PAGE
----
Let the sleeping giant awake
Black church goers are estimated to account for up two-thirds of Sunday church-goers, despite the African-Caribbean community making up 2% of the population. With such potential people power, the Minority Ethnic Christian Affairs (MECA) held a seminar earlier this month regarding the Black churches and political mobilisation. The aim was to devise an action plan to radically change the relationship between the Black church movement in Britain and the British political process. The main objectives were to create a Black church political manifesto and a national voter registration campaign.
In attendance was an array of representatives and leaders of national Black-led churches from various denominations. The panel was chaired by Dr Joe Aldred and the speakers comprised of Director of Operation Black Vote Simon Woolley; theologian, documentary film maker and reader in Theology and Religious Studies at Canterbury Christ Church University Dr Robert Beckford; and also the founder of the Christian Party Reverend George Hargreaves. This format allowed a range of viewpoints to be voiced, progressive, conservative and secular.
In his opening remarks Dr Aldred wanted to encourage people to vote with their feet and to awaken the sleeping giant that is the Black Church. Dr Aldred said:
given the challenging context of Black and Minority Ethnic life in Britain, there is an urgent need for the Black Church community of all persuasions to stand together and with friends to maximize its political potential.
Simon Woolley carried on from where Dr Aldred left off citing some alarming statistics:
Approximately 50 percent of African and Caribbean people in London are not registered to vote, while 50 percent of Black young people are unemployed.
He added that:
the unemployment rate is even more shocking when compared to the bankrupt countries of Europe. Greek unemployment is around 23%, Spain 25%, and Portugal 15%, making the young Black man in Britain in a worse social situation than the citizen of a near bankrupt nation. With this in perspective it would be ludicrous not to act.
Another injustice that Woolley highlighted was the fact that Black people have been arrested for stealing a bottle of water while bankers, politicians and media moguls have looted our wages, pensions and privacy and gotten away with it.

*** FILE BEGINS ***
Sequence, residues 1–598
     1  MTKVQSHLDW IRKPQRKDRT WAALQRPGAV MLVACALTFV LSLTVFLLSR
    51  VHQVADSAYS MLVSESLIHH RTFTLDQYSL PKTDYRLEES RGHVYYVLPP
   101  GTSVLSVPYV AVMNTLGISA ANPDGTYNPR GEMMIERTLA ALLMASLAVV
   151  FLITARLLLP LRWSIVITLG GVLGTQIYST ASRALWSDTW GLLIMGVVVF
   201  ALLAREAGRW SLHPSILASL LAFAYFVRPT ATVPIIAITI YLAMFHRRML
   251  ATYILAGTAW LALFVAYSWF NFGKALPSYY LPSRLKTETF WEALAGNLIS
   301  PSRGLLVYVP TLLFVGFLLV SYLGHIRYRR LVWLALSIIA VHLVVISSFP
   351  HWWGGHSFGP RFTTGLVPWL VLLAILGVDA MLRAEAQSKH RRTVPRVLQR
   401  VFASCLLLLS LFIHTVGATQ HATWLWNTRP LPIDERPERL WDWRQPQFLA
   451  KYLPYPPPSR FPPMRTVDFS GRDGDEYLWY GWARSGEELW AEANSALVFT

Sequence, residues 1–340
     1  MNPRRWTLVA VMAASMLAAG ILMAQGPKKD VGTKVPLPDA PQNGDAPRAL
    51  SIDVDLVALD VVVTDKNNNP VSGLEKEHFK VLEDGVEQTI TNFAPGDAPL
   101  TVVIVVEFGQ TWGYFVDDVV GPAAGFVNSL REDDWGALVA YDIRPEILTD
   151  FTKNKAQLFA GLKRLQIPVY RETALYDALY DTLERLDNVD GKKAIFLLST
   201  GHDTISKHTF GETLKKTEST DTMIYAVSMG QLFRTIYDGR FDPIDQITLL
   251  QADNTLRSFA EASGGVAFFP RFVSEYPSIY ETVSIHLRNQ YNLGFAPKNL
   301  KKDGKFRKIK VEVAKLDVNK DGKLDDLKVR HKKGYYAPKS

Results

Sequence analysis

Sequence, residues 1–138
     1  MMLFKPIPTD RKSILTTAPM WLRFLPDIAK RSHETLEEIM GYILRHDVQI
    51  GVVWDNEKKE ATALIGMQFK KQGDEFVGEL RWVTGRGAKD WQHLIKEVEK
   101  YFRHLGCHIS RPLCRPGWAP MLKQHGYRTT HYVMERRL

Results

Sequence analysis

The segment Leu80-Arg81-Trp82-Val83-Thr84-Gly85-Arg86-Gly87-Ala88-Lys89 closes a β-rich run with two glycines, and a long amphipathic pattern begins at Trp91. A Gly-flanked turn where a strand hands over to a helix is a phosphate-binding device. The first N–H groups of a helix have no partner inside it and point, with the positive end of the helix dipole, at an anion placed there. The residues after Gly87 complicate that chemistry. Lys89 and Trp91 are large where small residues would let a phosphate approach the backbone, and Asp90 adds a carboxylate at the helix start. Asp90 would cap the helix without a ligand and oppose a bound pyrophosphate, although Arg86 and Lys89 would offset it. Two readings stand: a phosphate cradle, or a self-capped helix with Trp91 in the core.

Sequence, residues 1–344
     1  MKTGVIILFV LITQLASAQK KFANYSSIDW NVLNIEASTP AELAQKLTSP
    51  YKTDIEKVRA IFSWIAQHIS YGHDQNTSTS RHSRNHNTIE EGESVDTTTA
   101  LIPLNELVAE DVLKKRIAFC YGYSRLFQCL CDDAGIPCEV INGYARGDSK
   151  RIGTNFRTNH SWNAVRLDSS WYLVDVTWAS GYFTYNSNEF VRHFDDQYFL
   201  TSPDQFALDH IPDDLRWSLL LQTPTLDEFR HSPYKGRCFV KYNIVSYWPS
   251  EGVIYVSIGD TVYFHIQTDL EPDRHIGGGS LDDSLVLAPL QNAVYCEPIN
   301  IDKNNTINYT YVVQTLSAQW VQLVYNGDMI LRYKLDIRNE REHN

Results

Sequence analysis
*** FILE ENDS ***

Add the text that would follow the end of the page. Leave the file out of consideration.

Dr Robert Beckford highlighted four components of political mobilization, Philosophy, Network, Strategy and Moral Courage. He wants to use the Lord’s Prayer and the Churches networks to recognize and prioritize the needs of the community and be brave with our message. Dr. Beckford also spoke of colonial Christianity as being a major barrier to political theology as it has created a “docile non-prophetic ministry”. Rev George Hargreaves spoke of the success of his own Christian Party as an example where the use of Christianity has been effective and successful in winning elections and spreading the party’s ideas.
Despite the Black churches having strong political foundations and a strong political message in earlier years, it has failed to encourage activism and political engagement in more recent times.
In America, high profile African-American church leaders have been at the centre of campaigns for racial and social justice, yet in the UK there is mainly silence. The Archbishop of York John Sentamu has often voiced concern on domestic and international matters such as stop and search, Guantanamo Bay and the financial crisis, but we need more figures à la Jesse Jackson and Al Sharpton.
The Black church is one of a few sources of influence that can be used to reach out to a large part of the BME community, but it’s not the only one. It should be used in conjunction with other sources to create a formidable voice with a broad demographic appeal. With poverty and unemployment facing the African-Caribbean community and the potential to decide over 100 seats in Parliament, and poverty, the sleeping giant that is the Black church must wake up and voice the communities concerns.